Arsenal v Chelsea: Five things we learnt from the unequal renewal of an old rivalry
The Emirates Stadium
Tuesday 29 October 2013
1. Bendtner the blunt samurai offers little cut and thrust
Nicklas Bendtner is not the man to release Arsenal from their Giroud-dependence. Or not yet, at least. The prodigal samurai, loping around up front with his hair in a bun, did not look like a credible alternative to, or even a usable replacement for, the in-form Frenchman. His movement was blunt, not once surprising the Chelsea centre-backs, and when the ball came to him his touch was never good enough to make himself some space. He even turned down a great chance to shoot in the second half. Reintegration might take him just a bit longer.
2. Mikel and Essien combine to roll back the years
Jose Mourinho had chosen the midfield combination of Frank Lampard and Ramires for Chelsea’s last five games before this one but there were signs that in Jon Obi Mikel and Michael Essien he has very useful alternatives. These two veterans of the first Mourinho team had only started four games between them before tonight but here they were excellent. Mikel provided discipline and intelligence in front of the defence, stifling Arsenal’s creators, while Essien conjured up some of the old power, bursting through the middle – even if one of his shots did go out for a throw-in. As the season goes on, their experience could be vital.
3. Trophy and conviction deficit set to get wider
Some things just come easier to Chelsea than Arsenal and this game felt like a reminder of that; since Arsène Wenger last won a major trophy, Chelsea have won nine. There was just an assurance about Chelsea from the start – one certainly enhanced by the return of serial winner Mourinho as coach. There is a conviction deficit Arsenal still have to make up.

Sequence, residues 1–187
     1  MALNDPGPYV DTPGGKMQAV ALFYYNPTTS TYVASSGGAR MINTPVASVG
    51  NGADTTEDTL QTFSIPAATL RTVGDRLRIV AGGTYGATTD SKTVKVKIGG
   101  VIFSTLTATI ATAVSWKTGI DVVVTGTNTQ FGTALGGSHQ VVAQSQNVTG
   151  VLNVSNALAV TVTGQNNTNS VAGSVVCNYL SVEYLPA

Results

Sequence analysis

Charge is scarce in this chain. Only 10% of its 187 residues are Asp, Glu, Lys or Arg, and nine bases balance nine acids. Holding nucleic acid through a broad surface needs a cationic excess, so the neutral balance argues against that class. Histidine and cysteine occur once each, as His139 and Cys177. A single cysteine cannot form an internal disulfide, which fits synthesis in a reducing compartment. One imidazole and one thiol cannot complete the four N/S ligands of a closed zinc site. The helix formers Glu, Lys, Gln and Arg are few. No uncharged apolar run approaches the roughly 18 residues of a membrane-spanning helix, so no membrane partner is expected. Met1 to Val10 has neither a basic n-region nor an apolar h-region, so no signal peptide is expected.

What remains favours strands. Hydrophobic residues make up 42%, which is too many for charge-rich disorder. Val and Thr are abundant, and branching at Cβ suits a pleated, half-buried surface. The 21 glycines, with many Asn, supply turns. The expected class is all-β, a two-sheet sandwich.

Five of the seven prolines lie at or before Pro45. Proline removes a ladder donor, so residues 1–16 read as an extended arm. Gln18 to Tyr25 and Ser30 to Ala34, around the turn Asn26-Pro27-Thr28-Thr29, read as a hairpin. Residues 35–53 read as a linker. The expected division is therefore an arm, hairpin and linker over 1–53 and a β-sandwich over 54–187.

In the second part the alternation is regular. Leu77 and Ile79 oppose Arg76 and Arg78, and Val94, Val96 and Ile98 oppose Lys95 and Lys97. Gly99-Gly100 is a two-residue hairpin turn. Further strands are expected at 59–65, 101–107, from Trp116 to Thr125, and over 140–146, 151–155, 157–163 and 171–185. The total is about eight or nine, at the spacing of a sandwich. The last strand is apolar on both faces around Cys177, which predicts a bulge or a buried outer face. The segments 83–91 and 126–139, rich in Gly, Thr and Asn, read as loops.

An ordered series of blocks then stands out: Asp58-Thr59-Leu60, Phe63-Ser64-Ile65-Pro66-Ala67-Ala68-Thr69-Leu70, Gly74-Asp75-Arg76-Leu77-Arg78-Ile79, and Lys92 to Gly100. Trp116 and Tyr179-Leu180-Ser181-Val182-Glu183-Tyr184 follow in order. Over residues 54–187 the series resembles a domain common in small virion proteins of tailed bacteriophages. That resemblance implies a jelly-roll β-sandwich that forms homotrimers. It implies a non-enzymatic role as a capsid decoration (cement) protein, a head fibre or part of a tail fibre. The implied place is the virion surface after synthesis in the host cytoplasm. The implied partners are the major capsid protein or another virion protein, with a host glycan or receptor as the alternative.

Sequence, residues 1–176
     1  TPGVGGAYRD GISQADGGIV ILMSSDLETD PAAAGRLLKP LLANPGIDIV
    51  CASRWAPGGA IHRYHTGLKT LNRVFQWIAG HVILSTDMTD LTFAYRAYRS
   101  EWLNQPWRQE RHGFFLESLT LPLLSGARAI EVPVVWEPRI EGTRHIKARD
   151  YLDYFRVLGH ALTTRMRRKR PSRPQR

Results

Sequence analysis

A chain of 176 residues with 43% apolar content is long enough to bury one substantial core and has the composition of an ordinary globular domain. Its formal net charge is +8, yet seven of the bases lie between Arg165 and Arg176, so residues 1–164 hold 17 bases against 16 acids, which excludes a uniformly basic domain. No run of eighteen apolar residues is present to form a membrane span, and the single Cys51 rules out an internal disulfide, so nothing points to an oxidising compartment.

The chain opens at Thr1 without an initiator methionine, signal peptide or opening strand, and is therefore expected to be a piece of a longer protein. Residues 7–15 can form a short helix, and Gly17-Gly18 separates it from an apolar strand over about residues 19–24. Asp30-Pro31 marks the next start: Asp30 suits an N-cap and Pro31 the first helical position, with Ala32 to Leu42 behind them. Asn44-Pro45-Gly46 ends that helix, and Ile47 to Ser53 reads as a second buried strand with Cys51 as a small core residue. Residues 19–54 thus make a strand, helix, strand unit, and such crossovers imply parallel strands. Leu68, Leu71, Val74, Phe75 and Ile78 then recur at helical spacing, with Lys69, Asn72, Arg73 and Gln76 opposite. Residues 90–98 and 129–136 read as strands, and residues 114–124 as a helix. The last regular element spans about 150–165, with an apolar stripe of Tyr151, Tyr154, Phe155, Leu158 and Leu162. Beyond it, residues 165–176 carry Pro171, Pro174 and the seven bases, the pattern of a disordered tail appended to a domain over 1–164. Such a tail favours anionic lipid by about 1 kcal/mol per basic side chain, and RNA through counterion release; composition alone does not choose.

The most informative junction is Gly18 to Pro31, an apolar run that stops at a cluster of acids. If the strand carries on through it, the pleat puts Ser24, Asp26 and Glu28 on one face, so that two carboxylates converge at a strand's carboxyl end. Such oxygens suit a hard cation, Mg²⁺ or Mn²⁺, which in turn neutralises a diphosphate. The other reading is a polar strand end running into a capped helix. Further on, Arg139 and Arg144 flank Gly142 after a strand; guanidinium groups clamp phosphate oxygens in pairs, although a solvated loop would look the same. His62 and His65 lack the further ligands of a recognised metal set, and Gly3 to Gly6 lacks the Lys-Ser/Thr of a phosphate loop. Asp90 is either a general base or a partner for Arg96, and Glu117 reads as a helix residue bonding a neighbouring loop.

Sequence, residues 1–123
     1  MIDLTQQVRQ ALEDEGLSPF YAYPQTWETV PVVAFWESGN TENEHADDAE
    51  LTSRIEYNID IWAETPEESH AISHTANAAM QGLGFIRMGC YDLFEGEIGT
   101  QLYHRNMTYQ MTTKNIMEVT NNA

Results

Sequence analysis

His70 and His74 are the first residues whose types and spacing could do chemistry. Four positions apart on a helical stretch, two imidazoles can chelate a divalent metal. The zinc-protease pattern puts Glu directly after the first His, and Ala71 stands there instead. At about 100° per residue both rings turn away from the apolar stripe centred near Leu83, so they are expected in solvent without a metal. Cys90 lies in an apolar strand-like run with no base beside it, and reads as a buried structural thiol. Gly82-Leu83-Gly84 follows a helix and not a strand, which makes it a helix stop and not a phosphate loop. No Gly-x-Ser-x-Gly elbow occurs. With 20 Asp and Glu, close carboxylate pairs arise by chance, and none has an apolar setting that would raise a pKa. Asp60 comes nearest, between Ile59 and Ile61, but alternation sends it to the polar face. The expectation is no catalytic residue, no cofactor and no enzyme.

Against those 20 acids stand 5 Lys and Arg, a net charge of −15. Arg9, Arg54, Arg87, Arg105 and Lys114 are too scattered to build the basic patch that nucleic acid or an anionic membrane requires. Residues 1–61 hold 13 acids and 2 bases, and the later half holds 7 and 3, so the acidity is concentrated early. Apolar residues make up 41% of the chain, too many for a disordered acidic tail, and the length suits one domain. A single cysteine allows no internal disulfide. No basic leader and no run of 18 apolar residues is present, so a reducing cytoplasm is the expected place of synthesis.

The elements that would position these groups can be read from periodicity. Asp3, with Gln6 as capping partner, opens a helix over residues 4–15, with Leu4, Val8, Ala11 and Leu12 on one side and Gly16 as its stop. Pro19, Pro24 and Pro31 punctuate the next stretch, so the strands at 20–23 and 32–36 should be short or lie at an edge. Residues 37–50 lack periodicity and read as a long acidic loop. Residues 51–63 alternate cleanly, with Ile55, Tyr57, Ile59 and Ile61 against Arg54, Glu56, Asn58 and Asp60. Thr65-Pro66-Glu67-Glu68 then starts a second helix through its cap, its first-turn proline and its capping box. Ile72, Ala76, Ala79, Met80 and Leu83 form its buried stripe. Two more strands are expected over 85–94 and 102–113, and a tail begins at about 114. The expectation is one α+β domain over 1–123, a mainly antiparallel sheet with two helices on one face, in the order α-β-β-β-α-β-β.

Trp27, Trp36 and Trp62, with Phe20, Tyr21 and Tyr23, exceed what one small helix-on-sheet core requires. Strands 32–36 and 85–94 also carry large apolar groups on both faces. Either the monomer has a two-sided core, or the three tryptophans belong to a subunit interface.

4. Mourinho has greater fringe benefits to draw on
It might simply be a case of quality – that Chelsea’s reserves are better than Arsenal’s – but those fringe players Mourinho brought into the side certainly outperformed those that Wenger threw in. To take both right-backs, for the first goal: Carl Jenkinson’s weak back-header created the opening which Cesar Azpilicueta – charging forward with conviction – took calmly.
5. Mata makes routine work of the indispensable
It was not a surprise that he played well, but the fact that Chelsea can call on Juan Mata as an occasional starter is still remarkable. Back in the team after two games on the bench, he went about his work with the usual diligence and style, scoring the goal that killed the game. At almost every other team he would be the indispensable man.
Latest in Sport
Liverpool target Marco Reus rejects new Borussia Dortmund contract offer - reports
Arsenal agree new deal with BT Sport - which coincides nicely with advert showing FA Cup win over Liverpool
Divock Origi joins Liverpool before immediately being loaned back to Lille
Scottie dogs in Commonwealth Games opening ceremony 'disrespectful to Muslims', say Malaysian politicians
Arsenal transfer news: Gunners preparing bid for wantaway Shakhtar Donestk midfielder Douglas Costa
- 1 What if 35 Palestinians had died, and 800 Israelis?
- 2 Disney heiress Abigail disowns her share of family profits in West Bank company
- 3 The secret report that helps Israel hide facts
- 4 'Women should not laugh in public,' says Turkey's Deputy Prime Minister in morality speech
- 5 Ross Burden dead: MasterChef and Ready Steady Cook star dies at age 45 after suffering from cancer
The secret report that helps Israel hide facts
Woman and two children killed by mob in riots over 'blasphemous' Facebook post in Pakistan
A day in the life of Vladimir Putin: The dictator in his labyrinth
Putin is 'thuggish, dishonest and reckless', says British ambassador to US
Boozy, ignorant, intolerant, but very polite – Britain as others see us
A new Russian revolution: The cracks are starting to appear in Putin’s Kremlin power bloc